In each system shown in a figure, the elements in some cases may each have a same reference number or a different reference number to suggest that the elements represented could be different and/or similar. However, an element may be flexible enough to have different implementations and work with some or all of the systems shown or described herein. The various elements shown in the figures may be the same or different. Which one is referred to as a first element and which is called a second element is arbitrary.
In the description and claims, the terms “coupled” and “connected,” along with their derivatives, may be used. It should be understood that these terms are not intended as synonyms for each other. Rather, in particular embodiments, “connected” may be used to indicate that two or more elements are in direct physical or electrical contact with each other. “Coupled” may mean that two or more elements are in direct physical or electrical contact. However, “coupled” may also mean that two or more elements are not in direct contact with each other, but yet still co-operate or interact with each other.
An algorithm is here, and generally, considered to be a self-consistent sequence of acts or operations leading to a desired result. These include physical manipulations of physical quantities. Usually, though not necessarily, these quantities take the form of electrical or magnetic signals capable of being stored, transferred, combined, compared, and otherwise manipulated. It has proven convenient at times, principally for reasons of common usage, to refer to these signals as bits, values, elements, symbols, characters, terms, numbers or the like. It should be understood, however, that all of these and similar terms are to be associated with the appropriate physical quantities and are merely convenient labels applied to these quantities.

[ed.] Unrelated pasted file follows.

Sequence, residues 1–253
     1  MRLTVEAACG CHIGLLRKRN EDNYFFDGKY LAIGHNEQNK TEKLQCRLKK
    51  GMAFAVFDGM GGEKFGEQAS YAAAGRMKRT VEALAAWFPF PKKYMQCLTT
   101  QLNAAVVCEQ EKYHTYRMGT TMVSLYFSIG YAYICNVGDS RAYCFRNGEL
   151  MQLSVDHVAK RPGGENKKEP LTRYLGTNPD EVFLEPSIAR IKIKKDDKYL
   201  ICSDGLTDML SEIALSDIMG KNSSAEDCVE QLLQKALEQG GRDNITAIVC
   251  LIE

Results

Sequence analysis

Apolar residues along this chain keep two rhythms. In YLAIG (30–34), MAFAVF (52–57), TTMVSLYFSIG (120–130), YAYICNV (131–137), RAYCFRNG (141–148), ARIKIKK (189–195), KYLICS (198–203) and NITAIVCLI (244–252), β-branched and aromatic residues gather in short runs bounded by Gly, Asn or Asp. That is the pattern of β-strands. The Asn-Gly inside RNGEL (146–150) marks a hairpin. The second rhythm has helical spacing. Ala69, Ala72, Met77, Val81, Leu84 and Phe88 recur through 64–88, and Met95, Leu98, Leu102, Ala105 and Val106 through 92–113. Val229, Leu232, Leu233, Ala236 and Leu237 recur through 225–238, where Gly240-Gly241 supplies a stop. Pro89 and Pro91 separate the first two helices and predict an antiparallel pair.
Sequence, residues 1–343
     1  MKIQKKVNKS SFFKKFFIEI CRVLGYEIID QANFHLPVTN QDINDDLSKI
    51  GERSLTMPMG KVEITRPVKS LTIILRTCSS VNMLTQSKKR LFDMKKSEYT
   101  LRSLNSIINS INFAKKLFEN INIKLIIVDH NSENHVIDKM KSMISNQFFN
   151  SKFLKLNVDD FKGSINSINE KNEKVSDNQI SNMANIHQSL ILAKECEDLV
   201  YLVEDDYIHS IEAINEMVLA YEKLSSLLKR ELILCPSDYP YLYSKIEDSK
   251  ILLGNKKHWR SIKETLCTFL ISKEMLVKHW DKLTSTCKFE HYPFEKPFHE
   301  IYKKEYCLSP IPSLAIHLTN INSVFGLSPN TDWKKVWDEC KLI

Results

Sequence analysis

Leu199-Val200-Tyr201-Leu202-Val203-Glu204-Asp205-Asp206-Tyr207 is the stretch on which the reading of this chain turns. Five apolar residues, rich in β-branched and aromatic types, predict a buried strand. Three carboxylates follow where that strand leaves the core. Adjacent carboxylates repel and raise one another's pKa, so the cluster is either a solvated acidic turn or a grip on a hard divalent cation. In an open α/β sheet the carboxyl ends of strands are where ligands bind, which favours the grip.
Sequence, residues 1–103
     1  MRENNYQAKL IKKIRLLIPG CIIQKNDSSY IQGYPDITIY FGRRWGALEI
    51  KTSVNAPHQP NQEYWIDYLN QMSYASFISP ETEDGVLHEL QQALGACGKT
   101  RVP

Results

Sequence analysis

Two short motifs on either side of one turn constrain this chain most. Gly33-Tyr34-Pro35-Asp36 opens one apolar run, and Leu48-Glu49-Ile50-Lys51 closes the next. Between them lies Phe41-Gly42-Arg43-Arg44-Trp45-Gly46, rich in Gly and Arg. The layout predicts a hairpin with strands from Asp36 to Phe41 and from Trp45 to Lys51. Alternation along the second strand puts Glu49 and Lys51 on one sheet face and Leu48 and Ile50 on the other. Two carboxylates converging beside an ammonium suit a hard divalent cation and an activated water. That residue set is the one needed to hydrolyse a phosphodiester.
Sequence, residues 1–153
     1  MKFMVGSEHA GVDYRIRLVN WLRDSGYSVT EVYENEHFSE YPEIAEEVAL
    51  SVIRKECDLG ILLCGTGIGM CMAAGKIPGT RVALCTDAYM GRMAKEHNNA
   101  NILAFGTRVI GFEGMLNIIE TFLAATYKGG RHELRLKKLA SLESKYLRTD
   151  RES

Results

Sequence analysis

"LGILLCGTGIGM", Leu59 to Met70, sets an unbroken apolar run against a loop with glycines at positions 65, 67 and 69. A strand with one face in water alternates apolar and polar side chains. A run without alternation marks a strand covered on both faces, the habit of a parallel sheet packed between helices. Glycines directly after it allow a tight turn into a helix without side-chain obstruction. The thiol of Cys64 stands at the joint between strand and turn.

Some embodiments may be implemented in one or a combination of hardware, firmware, and software. Some embodiments may also be implemented as instructions stored on a machine-readable medium, which may be read and executed by a computing platform to perform the operations described herein. A machine-readable medium may include any mechanism for storing or transmitting information in a form readable by a machine (e.g., a computer). For example, a machine-readable medium may include read only memory (ROM); random access memory (RAM); magnetic disk storage media; optical storage media; flash memory devices; electrical, optical, acoustical or other form of propagated signals (e.g., carrier waves, infrared signals, digital signals, the interfaces that transmit and/or receive signals, etc.), and others.